Defendant Accused of Murdering 11-Year-Old Takes the Stand at Trial

The man accused of murdering 11-year-old Karon Brown one summer evening in Naylor Gardens took to the witness stand to testify in his own defense at trial. 

The defendant, Tony McClam, is charged with first-degree murder while armed in Brown’s shooting. 

While parties agree that McClam shot at a vehicle on July 18, 2019, the defense asserts that he did so because he thought the driver intended to attack him. Defense attorney Jason Tulley has argued that, due to his vision problems, McClam did not know Brown was in the car. When Tulley called his client to the witness stand during the Dec. 16 proceedings, he testified that he lost sight in his left eye and can’t see well in his right one. McClam said he was not wearing glasses at the time of the shooting. 

Both parties showed scenes from the events leading up to the shooting in the surveillance footage they admitted into evidence. Tulley presented a clip of what appeared to be kids fighting. McClam said he had tried to talk to the kids but eventually decided to go home.  

McClam said he was not angry during the day’s events. But during his cross-examination, one of the prosecutors in this case showed surveillance footage of McClam appearing to pursue some kids in what the prosecutor described as “following, charitably.” The kids can later be seen getting onto a bus. 

McClam said that after he decided to go home another man asked him to accompany him to talk to the kids. McClam said he agreed to go with him, but wasn’t planning on doing anything since he had already talked to the kids. He said the other man was angry with the kids during the interaction that followed but he was not. McClam said he tried to offer his input during the confrontation but the other man kept telling him to shut up.

The prosecution emphasized McClam’s decision to have a gun on him. “I always take a gun,” McClam said.

The driver of the vehicle involved in the shooting said he saw Brown running away from two young kids and two adults, according to court documents. He said it appeared the child was getting jumped so he and the other witness in the vehicle agreed to give Brown a ride. The witness said he heard gunshots, turned around and saw Brown appearing to be bleeding from the head in the back seat.

During direct examination, McClam said an individual in the car looked like they were reaching for a gun, and he thought a drive-by shooting was about to happen. He said he’s seen a drive-by before in the news media and on YouTube.

While being questioned by one of the prosecutors in this case, McClam seemingly struggled to remember what he said earlier to his lawyer about how many people he noticed were in that vehicle. But he maintained he did not see the child and is  “so sorry” for what happened now that he knows Brown was in there.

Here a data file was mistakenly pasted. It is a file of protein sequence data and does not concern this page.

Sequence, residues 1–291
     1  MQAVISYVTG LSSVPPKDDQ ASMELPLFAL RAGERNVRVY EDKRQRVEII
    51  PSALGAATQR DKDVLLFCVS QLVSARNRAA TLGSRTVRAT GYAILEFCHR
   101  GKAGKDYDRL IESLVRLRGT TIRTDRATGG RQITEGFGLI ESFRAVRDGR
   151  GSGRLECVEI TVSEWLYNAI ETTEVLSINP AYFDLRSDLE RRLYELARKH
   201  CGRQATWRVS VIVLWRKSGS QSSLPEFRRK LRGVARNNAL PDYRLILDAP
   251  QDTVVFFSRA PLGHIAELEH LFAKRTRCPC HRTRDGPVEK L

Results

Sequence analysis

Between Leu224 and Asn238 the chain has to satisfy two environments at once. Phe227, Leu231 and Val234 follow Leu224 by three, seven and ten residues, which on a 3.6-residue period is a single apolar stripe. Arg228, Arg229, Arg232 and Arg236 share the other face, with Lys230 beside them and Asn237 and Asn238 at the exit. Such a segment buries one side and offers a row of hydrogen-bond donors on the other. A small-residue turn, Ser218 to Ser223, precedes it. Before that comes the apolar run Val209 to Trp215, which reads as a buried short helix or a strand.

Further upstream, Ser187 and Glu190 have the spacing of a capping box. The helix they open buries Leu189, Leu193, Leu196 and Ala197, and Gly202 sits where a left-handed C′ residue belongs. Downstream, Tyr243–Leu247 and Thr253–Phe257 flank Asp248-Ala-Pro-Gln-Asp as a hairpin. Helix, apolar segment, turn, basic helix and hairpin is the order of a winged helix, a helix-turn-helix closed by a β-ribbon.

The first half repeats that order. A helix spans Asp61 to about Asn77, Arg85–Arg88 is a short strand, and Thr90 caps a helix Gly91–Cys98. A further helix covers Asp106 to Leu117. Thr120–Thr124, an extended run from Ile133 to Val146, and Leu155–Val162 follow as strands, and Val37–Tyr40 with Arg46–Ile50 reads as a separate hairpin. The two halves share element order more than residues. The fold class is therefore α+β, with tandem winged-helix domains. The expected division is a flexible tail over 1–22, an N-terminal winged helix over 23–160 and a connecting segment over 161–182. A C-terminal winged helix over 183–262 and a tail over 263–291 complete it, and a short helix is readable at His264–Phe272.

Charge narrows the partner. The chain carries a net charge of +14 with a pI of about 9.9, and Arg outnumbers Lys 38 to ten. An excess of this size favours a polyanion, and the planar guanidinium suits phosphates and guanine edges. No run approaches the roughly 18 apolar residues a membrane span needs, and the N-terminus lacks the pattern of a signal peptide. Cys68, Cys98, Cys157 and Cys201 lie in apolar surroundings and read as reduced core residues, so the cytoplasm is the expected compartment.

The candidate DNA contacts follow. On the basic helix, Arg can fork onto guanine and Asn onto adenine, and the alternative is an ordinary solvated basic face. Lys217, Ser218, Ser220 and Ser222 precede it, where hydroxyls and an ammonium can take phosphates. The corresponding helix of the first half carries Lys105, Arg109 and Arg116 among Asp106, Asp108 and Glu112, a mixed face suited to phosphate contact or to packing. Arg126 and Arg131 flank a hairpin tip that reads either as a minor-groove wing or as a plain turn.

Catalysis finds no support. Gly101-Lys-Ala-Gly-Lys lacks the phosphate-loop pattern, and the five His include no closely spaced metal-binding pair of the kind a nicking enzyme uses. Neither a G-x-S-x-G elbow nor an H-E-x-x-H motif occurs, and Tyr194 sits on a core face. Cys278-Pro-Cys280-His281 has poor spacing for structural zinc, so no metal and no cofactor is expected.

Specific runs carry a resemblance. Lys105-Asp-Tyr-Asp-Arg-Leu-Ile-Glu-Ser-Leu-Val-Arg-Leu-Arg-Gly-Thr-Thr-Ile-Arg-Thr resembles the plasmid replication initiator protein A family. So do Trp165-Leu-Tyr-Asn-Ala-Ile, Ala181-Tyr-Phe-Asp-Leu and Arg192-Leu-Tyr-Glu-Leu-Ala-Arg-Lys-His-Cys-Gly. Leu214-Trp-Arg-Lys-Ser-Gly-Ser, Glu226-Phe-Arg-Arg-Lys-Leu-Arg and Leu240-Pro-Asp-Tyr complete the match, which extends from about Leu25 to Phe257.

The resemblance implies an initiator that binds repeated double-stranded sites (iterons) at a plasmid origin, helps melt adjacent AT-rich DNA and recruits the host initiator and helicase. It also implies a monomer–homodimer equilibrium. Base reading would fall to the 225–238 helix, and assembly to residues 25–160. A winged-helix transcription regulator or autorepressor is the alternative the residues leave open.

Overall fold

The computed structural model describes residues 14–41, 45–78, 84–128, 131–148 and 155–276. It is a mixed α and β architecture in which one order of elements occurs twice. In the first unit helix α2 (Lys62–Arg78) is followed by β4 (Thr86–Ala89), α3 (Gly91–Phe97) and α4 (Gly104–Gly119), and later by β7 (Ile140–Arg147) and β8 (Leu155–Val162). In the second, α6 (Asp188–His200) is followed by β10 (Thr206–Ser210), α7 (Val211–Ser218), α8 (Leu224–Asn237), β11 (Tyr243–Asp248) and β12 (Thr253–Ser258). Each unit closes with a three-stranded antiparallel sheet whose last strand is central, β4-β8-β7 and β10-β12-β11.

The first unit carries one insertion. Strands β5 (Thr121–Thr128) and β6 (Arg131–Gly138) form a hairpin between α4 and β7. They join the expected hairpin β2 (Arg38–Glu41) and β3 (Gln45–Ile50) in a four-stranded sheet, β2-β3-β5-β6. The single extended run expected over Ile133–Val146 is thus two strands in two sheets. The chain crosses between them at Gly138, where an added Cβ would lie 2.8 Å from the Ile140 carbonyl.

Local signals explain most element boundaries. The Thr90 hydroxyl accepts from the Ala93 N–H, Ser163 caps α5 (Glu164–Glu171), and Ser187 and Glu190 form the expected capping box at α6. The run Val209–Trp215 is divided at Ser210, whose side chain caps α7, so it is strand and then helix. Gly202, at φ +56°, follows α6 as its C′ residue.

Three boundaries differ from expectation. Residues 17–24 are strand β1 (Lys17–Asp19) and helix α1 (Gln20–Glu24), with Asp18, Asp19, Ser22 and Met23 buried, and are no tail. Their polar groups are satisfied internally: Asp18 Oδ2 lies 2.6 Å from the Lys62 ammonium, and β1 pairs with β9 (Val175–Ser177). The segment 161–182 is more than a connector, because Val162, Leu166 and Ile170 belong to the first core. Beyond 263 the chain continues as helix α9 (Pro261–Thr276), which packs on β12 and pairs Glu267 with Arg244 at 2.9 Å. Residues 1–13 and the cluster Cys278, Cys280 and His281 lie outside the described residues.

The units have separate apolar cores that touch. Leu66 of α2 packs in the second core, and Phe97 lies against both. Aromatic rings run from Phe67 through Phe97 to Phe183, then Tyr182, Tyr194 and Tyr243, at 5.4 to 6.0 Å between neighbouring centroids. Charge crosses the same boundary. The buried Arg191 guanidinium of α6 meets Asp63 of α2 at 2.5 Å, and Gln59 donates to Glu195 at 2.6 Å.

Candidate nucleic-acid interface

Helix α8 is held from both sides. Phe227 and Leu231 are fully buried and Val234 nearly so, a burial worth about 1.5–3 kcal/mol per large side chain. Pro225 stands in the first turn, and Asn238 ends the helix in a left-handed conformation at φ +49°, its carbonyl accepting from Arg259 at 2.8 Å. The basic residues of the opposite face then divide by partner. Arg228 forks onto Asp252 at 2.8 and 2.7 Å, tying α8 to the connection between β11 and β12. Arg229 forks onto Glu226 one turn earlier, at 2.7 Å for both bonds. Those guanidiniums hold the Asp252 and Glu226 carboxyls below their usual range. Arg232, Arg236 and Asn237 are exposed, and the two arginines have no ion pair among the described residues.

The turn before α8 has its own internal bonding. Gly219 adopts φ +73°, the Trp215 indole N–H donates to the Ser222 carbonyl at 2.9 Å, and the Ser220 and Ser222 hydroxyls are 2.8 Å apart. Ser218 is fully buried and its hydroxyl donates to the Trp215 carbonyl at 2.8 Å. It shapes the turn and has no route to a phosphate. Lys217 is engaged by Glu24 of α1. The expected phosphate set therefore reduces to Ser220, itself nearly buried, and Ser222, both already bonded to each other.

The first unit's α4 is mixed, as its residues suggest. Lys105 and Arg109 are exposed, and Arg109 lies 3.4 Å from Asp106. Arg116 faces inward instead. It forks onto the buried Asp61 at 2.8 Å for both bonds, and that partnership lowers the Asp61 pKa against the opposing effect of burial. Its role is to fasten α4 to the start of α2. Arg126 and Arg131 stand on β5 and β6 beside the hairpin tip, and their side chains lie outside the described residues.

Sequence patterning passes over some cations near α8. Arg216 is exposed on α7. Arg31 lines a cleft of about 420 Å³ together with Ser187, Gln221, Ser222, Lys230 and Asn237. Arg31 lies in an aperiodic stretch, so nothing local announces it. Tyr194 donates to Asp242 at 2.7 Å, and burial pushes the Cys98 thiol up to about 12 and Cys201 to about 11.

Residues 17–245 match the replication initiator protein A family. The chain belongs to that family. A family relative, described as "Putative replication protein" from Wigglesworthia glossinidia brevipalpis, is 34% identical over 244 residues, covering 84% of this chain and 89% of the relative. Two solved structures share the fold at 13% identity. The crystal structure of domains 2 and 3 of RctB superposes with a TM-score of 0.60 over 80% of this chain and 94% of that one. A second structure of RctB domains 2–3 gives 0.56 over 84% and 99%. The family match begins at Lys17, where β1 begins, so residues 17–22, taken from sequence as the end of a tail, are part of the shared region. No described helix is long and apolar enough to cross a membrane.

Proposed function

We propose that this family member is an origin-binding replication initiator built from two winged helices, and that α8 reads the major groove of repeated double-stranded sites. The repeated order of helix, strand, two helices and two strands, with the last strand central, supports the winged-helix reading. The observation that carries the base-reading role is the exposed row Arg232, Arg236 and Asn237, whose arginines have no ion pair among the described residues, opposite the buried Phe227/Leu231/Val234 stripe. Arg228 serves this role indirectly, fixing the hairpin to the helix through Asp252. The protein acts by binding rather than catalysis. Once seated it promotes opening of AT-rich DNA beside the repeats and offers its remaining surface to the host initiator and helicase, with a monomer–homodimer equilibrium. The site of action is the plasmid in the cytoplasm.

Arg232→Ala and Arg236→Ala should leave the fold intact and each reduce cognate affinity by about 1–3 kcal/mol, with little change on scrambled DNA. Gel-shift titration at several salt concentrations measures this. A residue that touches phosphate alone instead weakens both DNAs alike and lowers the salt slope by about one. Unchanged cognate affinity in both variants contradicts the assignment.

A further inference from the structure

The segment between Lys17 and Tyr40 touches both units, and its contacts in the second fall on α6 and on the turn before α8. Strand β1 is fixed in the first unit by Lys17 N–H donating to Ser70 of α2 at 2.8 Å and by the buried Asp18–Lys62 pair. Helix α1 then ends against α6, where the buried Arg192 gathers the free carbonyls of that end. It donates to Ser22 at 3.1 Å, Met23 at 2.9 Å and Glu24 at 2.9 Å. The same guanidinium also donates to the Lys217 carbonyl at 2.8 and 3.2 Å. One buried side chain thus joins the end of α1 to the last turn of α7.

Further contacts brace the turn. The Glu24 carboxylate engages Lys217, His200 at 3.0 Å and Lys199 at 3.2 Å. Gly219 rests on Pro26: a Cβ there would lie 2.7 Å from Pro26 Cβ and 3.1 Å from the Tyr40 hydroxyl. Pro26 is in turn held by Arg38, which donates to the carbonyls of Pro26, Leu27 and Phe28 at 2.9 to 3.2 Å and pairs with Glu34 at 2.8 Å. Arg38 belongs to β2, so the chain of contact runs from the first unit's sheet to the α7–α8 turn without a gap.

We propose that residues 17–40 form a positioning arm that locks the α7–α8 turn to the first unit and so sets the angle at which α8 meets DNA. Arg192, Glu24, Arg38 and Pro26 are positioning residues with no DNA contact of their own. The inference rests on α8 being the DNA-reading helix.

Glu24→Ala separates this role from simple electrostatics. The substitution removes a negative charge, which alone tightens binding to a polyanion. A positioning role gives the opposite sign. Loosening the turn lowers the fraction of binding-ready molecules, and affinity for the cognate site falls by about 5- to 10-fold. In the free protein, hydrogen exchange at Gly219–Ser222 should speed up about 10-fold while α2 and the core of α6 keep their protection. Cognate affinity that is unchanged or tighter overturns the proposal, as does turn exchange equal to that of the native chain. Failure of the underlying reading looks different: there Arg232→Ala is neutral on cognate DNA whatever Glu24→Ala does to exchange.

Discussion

The defense said the children in the surveillance footage from the bus appeared to be smiling and laughing. When asked about it by his attorney, McClam said he wasn’t sure if the kids were laughing at him. The prosecutor later asked McClam if he shot Brown because Brown had laughed at him. But McClam did not answer the question because DC Superior Court Judge Neal Kravitz sustained Tulley’s objection to it.

Both parties dug into McClam’s past while questioning him. Tulley highlighted McClam’s past work with children. McClam said he used to make money around the Safeway, BP gas station and CVS on Alabama Avenue in Southeast, DC. He said that while he worked alone at first he eventually began working alongside some kids.

While the jury was outside the courtroom, the prosecutor questioned the relevance of the photos the defense wanted to show of McClam with children. Judge Kravitz let Tulley choose one, allowing it to be a different photo than the one he showed during his opening arguments.

The prosecutor also noted apparent lies McClam told in the past. This included video footage of McClam telling an officer he has no priors when, according to court documents, he does have a history of misdemeanors.

The prosecutor also noted how McClam refused to disclose the location of the gun to police. 

During the investigation into the homicide, McClam said he bought the gun in North Carolina where he maintains a residence despite living in the District, according to court documents. A member of the Metropolitan Police Department (MPD) previously testified that she looked up if McClam had a license to carry a pistol in DC and found that he did not. 

Judge Kravitz is allowing the jury to consider lesser homicide charges of second-degree murder and manslaughter. McClam is also charged with possession of a firearm during a crime of violence, assault with intent to kill while armed and carrying a pistol without a license outside a home or business in this case.

The trial proceedings are set to resume on Dec. 17.

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